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Europe

Youths Wreck Banks and Businesses in Athens Attacks

Hooded youths firebombed banks and businesses in pre-dawn attacks across Athens Saturday, Dec. 13, in the eighth day of civil unrest triggered by the police shooting of a 15-year-old boy.

Police extinguish flames covering a riot policeman after a petrol bomb was thrown by protesters during clashes in central Athens

The violent protests have spread across the country

Angry youths hurled firebombs at four banks in the southern Athens suburb of Paleo Faliro as well as a supermarket, the offices of newly privatized telephone company OTE and the local party offices of the ruling conservatives.

One more bank was reportedly torched in central Athens. The riots, which have spread to all corners of the country, have been the worst in decades, destroying hundreds of shops, banks, buildings and cars in more than eight cities across Greece, including Athens and the port cities of Thessaloniki and Patras.

Gangs of hooded youths and self-styled anarchists have been smashing windows, looting shops and setting up flaming barricades in streets across the country.

Protests go beyond boy's death

The violence was triggered by the police shooting of a 15-year-old boy on Dec. 6, but students have also been protesting growing corruption and economic and education reforms.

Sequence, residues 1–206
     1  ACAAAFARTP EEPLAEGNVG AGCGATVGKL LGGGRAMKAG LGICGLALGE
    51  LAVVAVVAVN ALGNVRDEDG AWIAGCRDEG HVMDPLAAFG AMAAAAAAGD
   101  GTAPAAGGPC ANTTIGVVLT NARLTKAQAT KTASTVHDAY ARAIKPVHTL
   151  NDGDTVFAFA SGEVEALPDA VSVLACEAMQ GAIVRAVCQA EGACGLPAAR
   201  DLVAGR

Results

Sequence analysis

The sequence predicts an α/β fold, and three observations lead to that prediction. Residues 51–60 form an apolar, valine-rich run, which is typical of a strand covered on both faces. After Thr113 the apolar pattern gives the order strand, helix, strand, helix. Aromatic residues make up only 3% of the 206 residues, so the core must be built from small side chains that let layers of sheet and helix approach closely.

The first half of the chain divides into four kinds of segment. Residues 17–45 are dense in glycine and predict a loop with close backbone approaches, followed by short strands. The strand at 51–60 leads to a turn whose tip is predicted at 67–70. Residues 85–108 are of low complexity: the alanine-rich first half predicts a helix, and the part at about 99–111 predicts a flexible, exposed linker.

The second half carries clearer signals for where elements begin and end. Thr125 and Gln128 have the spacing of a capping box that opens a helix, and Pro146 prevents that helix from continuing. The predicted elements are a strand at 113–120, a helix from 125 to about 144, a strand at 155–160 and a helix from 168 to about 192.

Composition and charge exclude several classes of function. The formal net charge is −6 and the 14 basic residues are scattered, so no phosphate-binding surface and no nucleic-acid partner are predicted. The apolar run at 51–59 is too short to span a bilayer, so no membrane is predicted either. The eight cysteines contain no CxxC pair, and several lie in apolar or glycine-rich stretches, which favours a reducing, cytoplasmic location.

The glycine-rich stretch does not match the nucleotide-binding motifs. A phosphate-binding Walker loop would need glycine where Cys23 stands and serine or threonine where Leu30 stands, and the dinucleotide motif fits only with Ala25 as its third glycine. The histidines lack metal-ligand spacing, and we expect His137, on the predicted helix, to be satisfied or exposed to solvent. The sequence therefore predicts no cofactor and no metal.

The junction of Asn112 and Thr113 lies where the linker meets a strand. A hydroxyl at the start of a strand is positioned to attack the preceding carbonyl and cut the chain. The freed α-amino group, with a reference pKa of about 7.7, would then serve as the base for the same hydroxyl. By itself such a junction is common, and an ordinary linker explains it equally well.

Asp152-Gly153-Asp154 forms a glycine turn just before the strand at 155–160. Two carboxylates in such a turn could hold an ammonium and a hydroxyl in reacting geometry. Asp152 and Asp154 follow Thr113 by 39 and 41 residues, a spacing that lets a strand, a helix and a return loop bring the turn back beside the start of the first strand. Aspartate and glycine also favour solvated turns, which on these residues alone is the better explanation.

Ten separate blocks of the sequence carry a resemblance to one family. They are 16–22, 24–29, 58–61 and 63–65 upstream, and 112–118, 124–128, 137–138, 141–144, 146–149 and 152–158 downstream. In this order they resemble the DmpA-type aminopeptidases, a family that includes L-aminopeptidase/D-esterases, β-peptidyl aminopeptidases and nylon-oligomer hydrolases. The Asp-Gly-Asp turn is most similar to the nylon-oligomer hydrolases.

On Friday, students clashed with police in Athens. More school students were expected to mobilize in central Athens for further rallies on Saturday and Monday. Students occupied more than 400 school buildings across the country in protest.

Although police have reacted when attacked by firebombs, they have held back when youths turned their rage against buildings and cars.

A gang of hooded youths on Friday even pushed their way into and caused severe damage to the offices of Alexis Cougias, the defense lawyer of the policeman accused of shooting the 15-year-old. No one was reported injured.

Many countries have issued warnings not to travel to Greece while the popular sites of Plaka and Monastiraki, located in the shadows of the Acropolis, were eerily empty of tourists. The Acropolis itself was closed due to striking workers.

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